According to an article in The Boston Globe, Bush has claimed the right to ignore more than 750 laws enacted since he became president. He has unilaterally overruled Congress on a broad range of matters, refusing, for example, to accept a requirement for more diversity in awarding government science scholarships. He has overruled numerous provisions of congressional appropriations bills that he felt impinged on his executive power. He has also overruled Congress’s requirement that he report back to it on how he has implemented a number of laws. Moreover, he has refused to enforce laws protecting whistle-blowers and providing safeguards against political interference in federally funded research. Bush has also used signing statements to place severe limits on the inspectors general created by Congress to oversee federal activities, including two officials who were supposed to inspect and report to Congress on the US occupation of Iraq.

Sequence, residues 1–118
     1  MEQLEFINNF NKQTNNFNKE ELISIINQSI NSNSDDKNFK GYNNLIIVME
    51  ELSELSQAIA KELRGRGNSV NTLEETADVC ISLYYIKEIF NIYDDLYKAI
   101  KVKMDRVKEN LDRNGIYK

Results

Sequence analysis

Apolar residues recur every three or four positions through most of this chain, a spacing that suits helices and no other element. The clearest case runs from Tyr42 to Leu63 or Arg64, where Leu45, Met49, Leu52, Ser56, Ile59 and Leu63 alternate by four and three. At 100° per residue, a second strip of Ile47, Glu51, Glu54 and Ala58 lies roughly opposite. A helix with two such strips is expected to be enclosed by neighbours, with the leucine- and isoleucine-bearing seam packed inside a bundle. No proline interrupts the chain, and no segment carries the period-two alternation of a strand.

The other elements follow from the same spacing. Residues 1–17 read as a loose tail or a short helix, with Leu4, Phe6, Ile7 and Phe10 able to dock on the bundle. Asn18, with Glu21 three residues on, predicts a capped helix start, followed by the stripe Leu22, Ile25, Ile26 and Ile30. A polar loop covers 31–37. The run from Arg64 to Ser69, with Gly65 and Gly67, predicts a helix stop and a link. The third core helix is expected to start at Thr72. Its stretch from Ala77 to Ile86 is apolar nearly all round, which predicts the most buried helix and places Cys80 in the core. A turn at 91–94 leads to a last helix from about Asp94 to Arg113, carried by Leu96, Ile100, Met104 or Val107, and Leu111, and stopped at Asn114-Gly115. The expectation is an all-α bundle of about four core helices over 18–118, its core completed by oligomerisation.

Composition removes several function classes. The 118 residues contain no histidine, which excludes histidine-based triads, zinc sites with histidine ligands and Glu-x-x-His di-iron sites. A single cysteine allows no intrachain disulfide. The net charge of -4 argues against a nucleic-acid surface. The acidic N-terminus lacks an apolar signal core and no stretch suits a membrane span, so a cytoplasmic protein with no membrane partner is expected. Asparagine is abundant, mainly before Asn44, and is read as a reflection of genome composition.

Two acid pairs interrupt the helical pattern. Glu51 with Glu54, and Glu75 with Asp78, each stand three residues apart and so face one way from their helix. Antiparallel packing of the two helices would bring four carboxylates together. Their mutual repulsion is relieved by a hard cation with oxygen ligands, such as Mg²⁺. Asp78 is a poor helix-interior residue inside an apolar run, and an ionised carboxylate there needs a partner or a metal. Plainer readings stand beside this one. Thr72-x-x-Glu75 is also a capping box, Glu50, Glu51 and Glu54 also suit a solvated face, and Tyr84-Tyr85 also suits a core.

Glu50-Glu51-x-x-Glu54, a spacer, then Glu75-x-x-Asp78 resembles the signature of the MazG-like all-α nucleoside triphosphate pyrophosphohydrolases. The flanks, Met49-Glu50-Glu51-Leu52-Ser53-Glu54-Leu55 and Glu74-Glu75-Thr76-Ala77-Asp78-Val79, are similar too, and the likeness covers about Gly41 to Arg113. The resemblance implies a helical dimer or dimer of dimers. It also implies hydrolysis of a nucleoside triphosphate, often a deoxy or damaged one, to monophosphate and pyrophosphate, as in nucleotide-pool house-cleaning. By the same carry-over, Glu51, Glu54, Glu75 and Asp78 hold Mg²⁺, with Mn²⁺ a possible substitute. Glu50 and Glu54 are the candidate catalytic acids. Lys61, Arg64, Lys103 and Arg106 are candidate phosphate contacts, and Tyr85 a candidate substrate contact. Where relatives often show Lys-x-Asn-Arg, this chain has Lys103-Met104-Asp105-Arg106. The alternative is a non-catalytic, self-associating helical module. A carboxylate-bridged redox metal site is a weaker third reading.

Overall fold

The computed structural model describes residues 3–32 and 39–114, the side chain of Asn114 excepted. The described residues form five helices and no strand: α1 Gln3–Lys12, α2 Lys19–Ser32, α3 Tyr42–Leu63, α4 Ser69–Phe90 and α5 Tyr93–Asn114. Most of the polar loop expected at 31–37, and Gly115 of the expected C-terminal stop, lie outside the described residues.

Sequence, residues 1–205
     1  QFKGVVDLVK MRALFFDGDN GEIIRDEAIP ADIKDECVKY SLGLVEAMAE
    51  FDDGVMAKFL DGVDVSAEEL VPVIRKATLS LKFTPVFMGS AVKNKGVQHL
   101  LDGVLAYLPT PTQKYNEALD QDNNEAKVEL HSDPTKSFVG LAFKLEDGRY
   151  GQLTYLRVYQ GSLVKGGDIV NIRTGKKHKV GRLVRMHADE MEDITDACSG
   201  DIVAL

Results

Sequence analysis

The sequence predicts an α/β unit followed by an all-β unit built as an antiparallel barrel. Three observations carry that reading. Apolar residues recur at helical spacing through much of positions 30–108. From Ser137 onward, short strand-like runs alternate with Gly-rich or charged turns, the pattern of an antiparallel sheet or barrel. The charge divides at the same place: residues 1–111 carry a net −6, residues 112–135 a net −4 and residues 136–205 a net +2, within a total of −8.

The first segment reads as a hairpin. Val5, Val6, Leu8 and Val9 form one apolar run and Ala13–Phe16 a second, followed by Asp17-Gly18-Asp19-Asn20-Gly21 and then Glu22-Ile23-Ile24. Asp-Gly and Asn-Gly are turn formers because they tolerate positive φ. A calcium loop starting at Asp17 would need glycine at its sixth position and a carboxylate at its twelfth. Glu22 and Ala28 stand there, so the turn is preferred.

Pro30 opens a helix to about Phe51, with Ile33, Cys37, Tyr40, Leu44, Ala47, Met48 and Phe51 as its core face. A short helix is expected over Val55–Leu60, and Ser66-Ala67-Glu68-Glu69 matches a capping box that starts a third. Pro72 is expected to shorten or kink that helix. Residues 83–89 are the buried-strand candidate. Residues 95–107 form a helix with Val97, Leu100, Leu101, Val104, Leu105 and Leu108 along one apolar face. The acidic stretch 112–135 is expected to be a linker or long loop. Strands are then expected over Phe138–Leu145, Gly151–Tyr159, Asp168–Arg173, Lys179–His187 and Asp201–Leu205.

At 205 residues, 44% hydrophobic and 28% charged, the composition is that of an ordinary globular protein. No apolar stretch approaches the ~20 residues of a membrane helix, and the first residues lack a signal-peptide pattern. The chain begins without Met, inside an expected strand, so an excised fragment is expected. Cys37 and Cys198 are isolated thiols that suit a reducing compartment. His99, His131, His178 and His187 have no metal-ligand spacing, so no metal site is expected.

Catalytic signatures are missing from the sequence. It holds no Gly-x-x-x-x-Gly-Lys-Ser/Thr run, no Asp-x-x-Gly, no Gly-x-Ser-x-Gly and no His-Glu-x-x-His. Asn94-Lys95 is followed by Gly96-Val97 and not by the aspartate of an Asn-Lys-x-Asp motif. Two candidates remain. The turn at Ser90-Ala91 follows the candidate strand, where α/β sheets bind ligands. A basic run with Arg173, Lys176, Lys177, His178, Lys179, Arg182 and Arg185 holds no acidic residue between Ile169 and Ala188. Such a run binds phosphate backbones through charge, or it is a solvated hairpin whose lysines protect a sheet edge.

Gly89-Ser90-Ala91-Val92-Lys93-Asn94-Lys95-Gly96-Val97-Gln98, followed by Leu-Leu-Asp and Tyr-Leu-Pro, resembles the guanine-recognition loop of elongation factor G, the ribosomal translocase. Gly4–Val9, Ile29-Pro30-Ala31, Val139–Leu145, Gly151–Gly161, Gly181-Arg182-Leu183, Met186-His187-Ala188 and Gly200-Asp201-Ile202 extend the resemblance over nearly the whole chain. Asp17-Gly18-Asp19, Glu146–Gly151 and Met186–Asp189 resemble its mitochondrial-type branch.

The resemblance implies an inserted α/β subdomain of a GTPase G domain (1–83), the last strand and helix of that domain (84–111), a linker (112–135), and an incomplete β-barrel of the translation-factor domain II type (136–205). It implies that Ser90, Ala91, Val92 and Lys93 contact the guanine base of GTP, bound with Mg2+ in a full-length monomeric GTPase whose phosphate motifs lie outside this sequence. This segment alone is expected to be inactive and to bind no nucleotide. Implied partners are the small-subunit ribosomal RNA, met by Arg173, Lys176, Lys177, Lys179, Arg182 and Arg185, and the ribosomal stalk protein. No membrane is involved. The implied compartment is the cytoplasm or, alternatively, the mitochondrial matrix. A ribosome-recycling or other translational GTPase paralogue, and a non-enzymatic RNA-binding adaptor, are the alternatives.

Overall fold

The President could of course veto a bill he doesn’t like and publicly argue his objections to it. He would then run the risk that Congress would override his veto. Instead, Bush has chosen a method that is largely hidden and is difficult to challenge. As of this writing, Bush has never vetoed a bill (though he has threatened to do so in the case of a spending bill now pending in Congress). Some of the bills Bush has decided to sign and then ignore or subvert were passed over his objections; others were the result of compromises between Congress and the White House. Arlen Specter, the Republican senator from Pennsylvania and chairman of the Senate Judiciary Committee, told me, “Under the Constitution if the president doesn’t like a bill he vetoes it. You don’t cherry-pick the legislation.”

Bush has cited two grounds for flouting the will of Congress, or of unilaterally expanding presidential powers. One is the claim of the “inherent” power of the commander in chief.

Second is a heretofore obscure doctrine called the unitary executive, which gives the president power over Congress and the courts. The concept of a unitary executive holds that the executive branch can overrule the courts and Congress on the basis of the president’s own interpretations of the Constitution, in effect overturning Marbury v. Madison (1803), which established the principle of judicial review, and the constitutional concept of checks and balances.